In my elementary school there was a shy girl with plump cheeks. She liked to read and spoke very good English. I liked her. In her house she had a macaw and a monkey. It was a sort of squirrel monkey that walked across her shoulders as if it had been trained to do so. More than once I saw the monkey sitting in the SUV with the chauffeur and the nanny, all of them parked outside my house, waiting for us to finish doing our homework, or playing, or whatever 10-year-old girls do. She had a chauffeur and a nanny and a monkey because her dad did something mysterious that I wasn’t supposed to ask about. At that age I didn’t comprehend it, but it was clear from the glances and the tones of voice adults used when they talked about it. It was also clear that I would never visit my friend’s house to see if it was true that she had a macaw and a lot of books in English. But she and the chauffeur and the nanny and the monkey could come to my house whenever I wanted. Could we go out to get an ice cream for the heat? The answer was always no. My mom didn’t take us anywhere, and I never rode around in the car with the chauffeur. We saw each other at my house and at school and we all understood that that was how it should be.
Not long ago my younger cousins went to a birthday party. The parents of the birthday boy discreetly excluded a narco’s son who went to the same school. The day of the party the boy showed up calmly, smartly dressed and with a chauffeur. He brought a huge present. The hosts of the party received him. Everyone understood the message. I suspect that that afternoon the adults exchanged the same glances I had learned to recognize in Monterrey. I’m sure the silences that accompanied the glances were no longer charged with reproach but with fear.
A customer was leaving a store where they rent movies and sell candy when two suspicious men got out of a car, which they left running on the sidewalk. The men grabbed the customer, forced him into the car, and drove him away. A fellow student of mine who witnessed the incident told me, still shaken from the scene, “Then I got in my car because nobody did anything, and I went to City Hall, because I know there’s always a patrol car parked there.” He knocked on the bored police officers’ window and described everything he’d seen, down to the hair on the men’s faces, as any decent, concerned citizen would do. And then, he added indignantly, “They told me I’d better go home.” He didn’t understand. I said to him, the cops did their duty with regard to you, at least: they protected you. He complained that they hadn’t done anything. Because he still believes in the duties of the authorities. Because he doesn’t know that nothing is gained by reporting crimes, and that a lot can quite possibly be lost.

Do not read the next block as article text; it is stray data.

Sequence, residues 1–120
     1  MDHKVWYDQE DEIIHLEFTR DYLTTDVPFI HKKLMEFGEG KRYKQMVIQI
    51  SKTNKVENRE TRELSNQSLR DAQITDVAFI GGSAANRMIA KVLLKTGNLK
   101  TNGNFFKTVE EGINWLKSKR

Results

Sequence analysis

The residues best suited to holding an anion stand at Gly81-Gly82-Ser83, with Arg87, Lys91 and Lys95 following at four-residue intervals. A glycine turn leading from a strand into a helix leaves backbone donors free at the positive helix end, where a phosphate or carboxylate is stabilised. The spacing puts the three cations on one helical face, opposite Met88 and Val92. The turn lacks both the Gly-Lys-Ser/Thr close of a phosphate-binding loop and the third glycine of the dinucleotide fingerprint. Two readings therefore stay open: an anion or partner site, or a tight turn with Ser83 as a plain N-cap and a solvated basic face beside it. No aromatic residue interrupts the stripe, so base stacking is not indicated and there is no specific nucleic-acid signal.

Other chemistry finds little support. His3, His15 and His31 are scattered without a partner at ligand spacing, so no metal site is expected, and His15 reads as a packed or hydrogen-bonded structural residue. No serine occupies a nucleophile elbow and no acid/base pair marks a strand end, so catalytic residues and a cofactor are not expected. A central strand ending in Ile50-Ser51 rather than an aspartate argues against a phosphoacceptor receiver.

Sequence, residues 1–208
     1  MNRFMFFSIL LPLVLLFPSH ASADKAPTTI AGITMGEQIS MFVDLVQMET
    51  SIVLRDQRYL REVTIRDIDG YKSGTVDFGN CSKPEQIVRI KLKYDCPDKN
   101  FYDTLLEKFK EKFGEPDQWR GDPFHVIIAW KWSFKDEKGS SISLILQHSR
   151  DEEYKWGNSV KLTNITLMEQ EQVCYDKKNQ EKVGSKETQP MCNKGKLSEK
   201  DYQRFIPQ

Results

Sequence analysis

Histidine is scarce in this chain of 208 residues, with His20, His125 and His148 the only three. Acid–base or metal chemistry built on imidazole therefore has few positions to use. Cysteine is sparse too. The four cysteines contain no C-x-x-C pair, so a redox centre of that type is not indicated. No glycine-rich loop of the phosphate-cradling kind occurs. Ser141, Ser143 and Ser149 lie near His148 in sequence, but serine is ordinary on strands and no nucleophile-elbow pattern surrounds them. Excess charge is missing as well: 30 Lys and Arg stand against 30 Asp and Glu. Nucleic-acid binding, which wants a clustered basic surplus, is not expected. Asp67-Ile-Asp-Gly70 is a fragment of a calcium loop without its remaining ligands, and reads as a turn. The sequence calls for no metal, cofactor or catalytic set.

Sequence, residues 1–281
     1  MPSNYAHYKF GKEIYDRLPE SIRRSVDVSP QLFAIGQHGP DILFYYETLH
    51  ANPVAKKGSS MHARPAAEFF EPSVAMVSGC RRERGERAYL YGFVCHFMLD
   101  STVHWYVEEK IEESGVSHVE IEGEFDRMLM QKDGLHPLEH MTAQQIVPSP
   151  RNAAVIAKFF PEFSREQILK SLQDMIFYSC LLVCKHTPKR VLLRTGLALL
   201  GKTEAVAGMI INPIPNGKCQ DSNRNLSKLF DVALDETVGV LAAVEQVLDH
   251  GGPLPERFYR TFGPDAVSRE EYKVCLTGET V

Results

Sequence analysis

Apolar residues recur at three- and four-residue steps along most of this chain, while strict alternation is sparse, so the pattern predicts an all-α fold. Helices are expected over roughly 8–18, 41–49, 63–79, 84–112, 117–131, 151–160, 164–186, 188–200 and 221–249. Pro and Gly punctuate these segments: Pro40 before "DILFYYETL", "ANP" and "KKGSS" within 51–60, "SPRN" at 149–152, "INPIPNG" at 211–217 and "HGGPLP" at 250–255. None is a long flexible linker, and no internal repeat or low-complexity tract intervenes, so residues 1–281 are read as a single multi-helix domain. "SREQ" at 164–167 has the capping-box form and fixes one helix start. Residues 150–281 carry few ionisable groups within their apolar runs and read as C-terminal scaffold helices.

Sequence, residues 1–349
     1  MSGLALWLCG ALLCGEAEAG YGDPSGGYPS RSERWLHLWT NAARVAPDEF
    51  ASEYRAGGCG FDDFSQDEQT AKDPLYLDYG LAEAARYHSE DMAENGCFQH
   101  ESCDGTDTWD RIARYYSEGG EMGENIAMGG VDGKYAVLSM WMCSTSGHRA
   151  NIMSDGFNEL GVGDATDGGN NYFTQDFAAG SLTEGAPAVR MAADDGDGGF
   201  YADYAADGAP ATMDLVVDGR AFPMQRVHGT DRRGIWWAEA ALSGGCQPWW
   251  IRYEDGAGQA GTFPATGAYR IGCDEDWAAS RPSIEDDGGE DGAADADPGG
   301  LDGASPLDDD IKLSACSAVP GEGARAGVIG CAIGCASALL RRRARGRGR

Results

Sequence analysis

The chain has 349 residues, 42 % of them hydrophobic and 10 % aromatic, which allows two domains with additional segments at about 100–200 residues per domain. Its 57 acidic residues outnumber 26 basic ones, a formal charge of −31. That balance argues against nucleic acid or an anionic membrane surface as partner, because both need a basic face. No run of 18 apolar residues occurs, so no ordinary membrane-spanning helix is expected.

The lights go on in a nightclub while it’s still too early to go home. Armed men walk up to the tables and request (request; they don’t grab) everybody’s cell phones and digital cameras. Then, once no one can record what’s about to take place (except in their stunned memories), every table gets a fresh bottle of whatever it was drinking—whiskey, vodka, tequila. Courtesy of the man who just walked in, who has requested that the lights go down and the music start again. The capo wants to have fun, just like everybody else. Except now all the doors are locked and no one can leave the party until he’s tired and leaves and everyone gets their gadgets back. The bill has been taken care of.
There is no way to count the dead. We hush them up. We silence the bodies dissolved in acid. We silence the bullets to the head. We don’t know what to call it. We say se lo llevaron, they took him, because the truth—they killed him—is too terrible. And too common. And we resist the thought that death and torture live so comfortably among us. We don’t want to look at death. We busy ourselves with the living. Even if among the living are, as they say now in Tamaulipas, los malos. The other day someone said, los de la letra—those of the letter—and everyone understood. Nobody calls them by their name, los Zetas. Whereas those beyond their reach define them so clinically: “the armed wing of the Gulf Cartel.” Outsiders talk forthrightly about the ex–elite military men who were recruited into the drug trade in the ’90s, and point to them directly as those responsible for the violence in the campaigns to eliminate rival cartels. In the US and Europe they spell out “kidnapping” with all its letters when they talk about our cities (our dusty towns, in the New York Times and on the BBC!) and they don’t feel our shame. The same shame that certain women must feel at the doctor’s office, women who can’t bring themselves to say “penis” and “vagina” out loud. “150 Executed in Chihuahua This Year,” says the paper on January 29. That’s five dead per day. Five lifeless bodies a day, and only in Chihuaha. But we don’t think about it in those terms: the paper says, “executed,” and I can only think of the software on my computer, executing tasks.